Black chalk, signed Faruffini; 214 x 163 mm.
The drawing is certainly not a portrait from life, but derives from a rather famous oil self-portrait by Piccio, known in several versions; see F. Rossi - B. Lorenzelli, Il Piccio e artisti bergamaschi del suo tempo, exhibition catalogue, Bergamo 1974; cat. no 26.
Nevertheless, the drawing shows the really remarkable sensitivity of the young Faruffini, as well as his great skill as a draftsman.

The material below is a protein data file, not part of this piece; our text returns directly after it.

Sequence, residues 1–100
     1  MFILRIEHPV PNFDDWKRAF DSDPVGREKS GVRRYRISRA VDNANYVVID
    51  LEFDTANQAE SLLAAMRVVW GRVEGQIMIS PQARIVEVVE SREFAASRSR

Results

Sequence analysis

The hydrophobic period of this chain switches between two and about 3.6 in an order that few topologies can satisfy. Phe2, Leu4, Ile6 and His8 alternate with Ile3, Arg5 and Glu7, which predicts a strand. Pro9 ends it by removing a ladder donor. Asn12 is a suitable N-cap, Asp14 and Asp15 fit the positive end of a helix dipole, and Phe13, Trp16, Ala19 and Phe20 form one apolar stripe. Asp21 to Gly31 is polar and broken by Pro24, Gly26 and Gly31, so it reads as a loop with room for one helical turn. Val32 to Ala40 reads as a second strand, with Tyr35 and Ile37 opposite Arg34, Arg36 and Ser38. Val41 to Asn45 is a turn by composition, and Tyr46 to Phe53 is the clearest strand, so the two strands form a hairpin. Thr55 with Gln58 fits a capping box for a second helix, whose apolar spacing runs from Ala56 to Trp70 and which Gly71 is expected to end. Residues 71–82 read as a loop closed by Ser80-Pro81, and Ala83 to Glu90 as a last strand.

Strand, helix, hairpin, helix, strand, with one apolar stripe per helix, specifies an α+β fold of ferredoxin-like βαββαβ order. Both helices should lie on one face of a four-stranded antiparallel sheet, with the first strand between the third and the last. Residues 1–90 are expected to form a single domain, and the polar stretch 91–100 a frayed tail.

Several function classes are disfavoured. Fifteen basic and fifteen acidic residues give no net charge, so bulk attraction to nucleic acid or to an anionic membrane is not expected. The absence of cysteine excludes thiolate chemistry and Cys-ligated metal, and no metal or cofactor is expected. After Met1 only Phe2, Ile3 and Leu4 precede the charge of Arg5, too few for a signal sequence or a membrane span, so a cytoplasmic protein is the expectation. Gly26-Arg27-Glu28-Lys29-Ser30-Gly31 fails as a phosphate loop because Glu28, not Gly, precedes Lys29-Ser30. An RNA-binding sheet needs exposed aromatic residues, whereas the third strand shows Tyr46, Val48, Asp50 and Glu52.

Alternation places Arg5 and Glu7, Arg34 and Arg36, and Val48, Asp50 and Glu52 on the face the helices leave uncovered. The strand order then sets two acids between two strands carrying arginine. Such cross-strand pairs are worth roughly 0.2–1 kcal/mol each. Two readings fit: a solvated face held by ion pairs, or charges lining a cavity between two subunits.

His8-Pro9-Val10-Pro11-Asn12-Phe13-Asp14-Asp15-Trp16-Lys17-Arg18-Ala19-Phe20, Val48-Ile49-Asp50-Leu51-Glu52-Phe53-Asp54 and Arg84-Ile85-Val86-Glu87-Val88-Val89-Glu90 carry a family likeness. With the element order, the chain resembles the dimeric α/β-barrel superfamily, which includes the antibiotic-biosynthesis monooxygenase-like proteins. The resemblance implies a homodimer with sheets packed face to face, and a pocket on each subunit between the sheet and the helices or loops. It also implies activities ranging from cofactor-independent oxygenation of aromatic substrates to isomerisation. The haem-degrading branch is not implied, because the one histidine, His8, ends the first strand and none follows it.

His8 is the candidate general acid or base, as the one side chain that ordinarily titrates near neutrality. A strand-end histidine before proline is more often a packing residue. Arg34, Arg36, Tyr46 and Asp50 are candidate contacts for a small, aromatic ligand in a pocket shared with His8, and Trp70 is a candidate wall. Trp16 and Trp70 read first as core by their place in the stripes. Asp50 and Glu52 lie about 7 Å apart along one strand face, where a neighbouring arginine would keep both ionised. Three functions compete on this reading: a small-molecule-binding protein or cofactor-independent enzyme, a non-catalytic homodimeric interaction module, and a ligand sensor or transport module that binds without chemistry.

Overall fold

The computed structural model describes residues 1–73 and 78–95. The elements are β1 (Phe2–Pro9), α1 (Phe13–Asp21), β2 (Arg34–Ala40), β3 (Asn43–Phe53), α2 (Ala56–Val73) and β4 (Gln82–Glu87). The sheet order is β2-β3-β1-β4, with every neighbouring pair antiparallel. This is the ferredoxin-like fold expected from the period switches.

Obliged by his father to study law at the University of Pavia, Faruffini also enrolled at the local civic school of painting, where from 1851 he studied under Trécourt and established a relationship with il Piccio. During stays in Florence and Rome he associated with Morelli, Bernardo Celentano and Francesco Saverio Altamura. He settled in Milan in 1860, beginning the most fruitful years of his career. But his family's lack of understanding and the critics' unfavourable reaction accentuated his financial and psychological problems. As a result, he left for Paris (1865-67) to find a more receptive market. There he did in fact work hard and successfully and was open to new stimuli. But his physical and psychological condition had by then been irreparably damaged. Back in Italy, his last period is marked by anguish, reflected in an uneven production. Faruffini committed suicide in 1869.